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Home-Built Wind Turbine Pays Off
"I'm truly amazed that I haven't read about this company in your magazine before," writes Alvin Troop of Quill Lake, Sask. Since putting up a Breezy 5.5 Wind Turbine a year and a half ago, he has been extremely pleased with its performance - and the 25 to 35 percent reduction on his electric bill.
  "I was exploring on the internet trying to get into wind turbines for four or five years," Troop says. "I'm getting up in years, and I wanted something that pays back quickly. I couldn't see spending $30,000 to $50,000. Then I found www.prairieturbines.com, which features a home-built turbine that costs less than $4,000."
  Timothy McCall and Alan Plunkett of Derby, Kansas, designed the 5,500-watt turbine that doesn't require batteries or an inverter. They sell a book and kits so anyone who's handy with tools can build their own.
  "I made my own 73-ft. tower using pipes off an old Doepker harrow drawbar," Troop says. He added a gin pole and cable block and tackle for lowering and raising the turbine for maintenance - greasing it about every six months.
  Prairie Turbines sells a how-to book ($45) and a micro-controller ($255) that ties the turbine to the power grid. Troop purchased the items and spent 80 to 100 hours of his spare time building the tower and turbine. The book explains how to cut blades out of 2 by 12 boards but Troop says he made the mistake of using one with a knot in it.
  "The knot caused the blade to break. Then the turbine came out of balance and caused the breakage of two more blades before the whole thing shut down," Troop says. "So the lesson is: Don't put up blades with large knots in them."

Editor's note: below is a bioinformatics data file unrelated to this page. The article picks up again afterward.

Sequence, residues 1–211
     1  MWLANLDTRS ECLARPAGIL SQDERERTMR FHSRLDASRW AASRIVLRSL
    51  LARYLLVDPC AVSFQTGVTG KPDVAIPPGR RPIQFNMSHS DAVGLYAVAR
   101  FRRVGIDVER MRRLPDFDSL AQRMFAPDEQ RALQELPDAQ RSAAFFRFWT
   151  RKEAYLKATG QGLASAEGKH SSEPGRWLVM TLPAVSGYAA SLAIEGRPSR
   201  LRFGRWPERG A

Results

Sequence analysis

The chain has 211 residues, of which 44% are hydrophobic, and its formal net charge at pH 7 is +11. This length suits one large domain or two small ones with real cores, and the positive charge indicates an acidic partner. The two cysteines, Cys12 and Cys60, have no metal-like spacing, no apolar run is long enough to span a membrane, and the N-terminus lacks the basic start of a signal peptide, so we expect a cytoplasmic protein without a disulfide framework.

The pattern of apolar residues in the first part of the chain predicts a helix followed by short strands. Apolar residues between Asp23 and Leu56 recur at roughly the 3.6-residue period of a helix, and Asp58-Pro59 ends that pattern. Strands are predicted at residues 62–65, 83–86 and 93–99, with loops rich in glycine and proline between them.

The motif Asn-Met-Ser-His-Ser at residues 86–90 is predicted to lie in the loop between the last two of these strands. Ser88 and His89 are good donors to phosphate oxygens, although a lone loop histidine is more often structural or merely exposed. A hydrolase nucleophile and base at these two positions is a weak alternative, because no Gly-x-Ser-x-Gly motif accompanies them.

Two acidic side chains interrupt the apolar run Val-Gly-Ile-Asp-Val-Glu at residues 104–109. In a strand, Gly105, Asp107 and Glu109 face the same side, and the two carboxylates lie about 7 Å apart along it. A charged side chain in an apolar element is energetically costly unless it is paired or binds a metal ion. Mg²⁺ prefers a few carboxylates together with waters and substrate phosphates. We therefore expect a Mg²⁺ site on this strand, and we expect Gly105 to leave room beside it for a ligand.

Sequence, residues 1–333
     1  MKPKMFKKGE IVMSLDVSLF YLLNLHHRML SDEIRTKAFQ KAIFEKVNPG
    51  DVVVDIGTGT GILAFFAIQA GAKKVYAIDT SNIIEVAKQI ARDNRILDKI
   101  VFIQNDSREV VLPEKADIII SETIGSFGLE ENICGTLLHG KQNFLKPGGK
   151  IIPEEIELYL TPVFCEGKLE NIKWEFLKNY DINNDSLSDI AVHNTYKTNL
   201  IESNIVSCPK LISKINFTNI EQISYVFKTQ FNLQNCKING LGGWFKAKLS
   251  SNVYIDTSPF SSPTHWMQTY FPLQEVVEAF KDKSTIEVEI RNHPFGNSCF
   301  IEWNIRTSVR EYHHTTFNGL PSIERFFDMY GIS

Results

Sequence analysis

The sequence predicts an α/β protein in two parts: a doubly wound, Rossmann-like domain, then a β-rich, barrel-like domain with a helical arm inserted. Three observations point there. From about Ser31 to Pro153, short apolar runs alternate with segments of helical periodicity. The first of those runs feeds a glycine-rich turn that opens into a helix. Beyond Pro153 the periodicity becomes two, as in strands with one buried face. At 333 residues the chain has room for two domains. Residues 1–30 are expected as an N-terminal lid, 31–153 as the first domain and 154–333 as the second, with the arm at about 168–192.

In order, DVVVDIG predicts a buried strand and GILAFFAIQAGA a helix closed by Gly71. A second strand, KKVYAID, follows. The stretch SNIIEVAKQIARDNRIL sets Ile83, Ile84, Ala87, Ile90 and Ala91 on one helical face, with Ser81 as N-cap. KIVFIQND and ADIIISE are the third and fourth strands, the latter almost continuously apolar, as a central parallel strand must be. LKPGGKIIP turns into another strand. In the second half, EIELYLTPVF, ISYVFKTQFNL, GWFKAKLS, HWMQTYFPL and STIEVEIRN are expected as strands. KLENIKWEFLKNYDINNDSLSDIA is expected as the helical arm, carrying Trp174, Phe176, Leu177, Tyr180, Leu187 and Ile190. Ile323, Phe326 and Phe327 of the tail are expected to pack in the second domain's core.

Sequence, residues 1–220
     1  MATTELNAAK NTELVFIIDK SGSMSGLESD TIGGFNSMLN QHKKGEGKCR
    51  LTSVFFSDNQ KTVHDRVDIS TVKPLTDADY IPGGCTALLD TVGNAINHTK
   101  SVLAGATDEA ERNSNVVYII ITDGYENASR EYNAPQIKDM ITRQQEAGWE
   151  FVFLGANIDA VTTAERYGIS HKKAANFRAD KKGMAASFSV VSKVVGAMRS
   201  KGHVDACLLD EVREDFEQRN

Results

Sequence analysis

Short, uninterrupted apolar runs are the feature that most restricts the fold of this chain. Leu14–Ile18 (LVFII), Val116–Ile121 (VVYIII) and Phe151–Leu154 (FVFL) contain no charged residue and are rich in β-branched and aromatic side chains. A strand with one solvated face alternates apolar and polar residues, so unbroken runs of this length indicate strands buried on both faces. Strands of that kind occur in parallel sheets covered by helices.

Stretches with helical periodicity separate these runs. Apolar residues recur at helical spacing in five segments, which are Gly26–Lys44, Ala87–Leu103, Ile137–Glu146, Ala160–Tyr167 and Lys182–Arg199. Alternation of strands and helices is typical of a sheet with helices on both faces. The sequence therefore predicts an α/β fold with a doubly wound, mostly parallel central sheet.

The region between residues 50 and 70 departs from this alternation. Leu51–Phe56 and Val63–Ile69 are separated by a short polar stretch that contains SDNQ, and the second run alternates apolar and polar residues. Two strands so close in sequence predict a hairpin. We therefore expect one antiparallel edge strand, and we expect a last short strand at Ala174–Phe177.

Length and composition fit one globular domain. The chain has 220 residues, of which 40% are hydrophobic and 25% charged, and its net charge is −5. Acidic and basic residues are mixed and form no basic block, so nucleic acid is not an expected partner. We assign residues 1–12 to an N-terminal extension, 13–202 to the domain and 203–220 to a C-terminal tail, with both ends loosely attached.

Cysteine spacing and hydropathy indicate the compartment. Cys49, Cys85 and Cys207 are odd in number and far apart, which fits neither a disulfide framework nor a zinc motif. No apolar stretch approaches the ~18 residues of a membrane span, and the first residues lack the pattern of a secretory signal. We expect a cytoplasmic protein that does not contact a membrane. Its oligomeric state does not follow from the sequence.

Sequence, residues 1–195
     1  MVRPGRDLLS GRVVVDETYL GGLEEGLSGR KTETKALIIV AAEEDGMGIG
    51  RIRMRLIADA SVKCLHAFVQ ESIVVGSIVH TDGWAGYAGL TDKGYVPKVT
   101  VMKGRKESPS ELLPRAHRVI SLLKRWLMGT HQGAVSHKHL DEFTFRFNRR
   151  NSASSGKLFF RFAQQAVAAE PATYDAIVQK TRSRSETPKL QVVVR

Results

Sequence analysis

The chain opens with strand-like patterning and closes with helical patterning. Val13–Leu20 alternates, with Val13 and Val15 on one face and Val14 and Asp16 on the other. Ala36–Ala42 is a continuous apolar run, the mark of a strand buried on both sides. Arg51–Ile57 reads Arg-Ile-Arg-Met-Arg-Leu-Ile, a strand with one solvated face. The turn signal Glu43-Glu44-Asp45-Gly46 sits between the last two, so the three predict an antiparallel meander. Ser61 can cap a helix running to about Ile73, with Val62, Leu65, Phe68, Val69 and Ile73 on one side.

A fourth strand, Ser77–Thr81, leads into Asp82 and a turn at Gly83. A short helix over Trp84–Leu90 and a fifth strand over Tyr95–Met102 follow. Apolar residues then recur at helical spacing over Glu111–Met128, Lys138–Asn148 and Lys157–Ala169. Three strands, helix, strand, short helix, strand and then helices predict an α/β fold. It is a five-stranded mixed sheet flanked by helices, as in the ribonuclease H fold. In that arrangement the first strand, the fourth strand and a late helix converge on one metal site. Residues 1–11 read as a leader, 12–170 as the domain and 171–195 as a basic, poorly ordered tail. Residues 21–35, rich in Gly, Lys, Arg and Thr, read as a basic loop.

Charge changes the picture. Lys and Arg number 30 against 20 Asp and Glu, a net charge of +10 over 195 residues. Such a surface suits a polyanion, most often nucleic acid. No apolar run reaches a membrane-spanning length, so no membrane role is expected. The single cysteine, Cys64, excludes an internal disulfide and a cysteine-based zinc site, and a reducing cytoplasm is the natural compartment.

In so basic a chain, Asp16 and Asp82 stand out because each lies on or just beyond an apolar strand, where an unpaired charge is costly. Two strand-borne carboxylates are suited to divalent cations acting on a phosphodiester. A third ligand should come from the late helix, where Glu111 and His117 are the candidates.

Troop spent about $7,000 for his turbine, but figures that if he had scrounged a little more he could have built it for $4,500. Part of the higher cost was because he hired an electrician to do the wiring - which he really could have done himself, he says. The local power company tied the system into the grid for no charge and was great to work with.
  "Every farm should have a turbine," Troop says. "We have three houses on our farm, a machine shop, cattle watering bowl and large water reverse osmosis system, so I need 100 kWh a day. I'm averaging 25 to 35 kWh a day. I'm very, very happy with it. I'm thinking about adding a second one - a 10k unit."
  Contact: FARM SHOW Followup, Alvin Troop, P. O. Box 247, Quill Lake, Sask., Canada S0A 3E0 (ph 306 383-2575; altroop @sasktel.net).

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2009 - Volume #33, Issue #1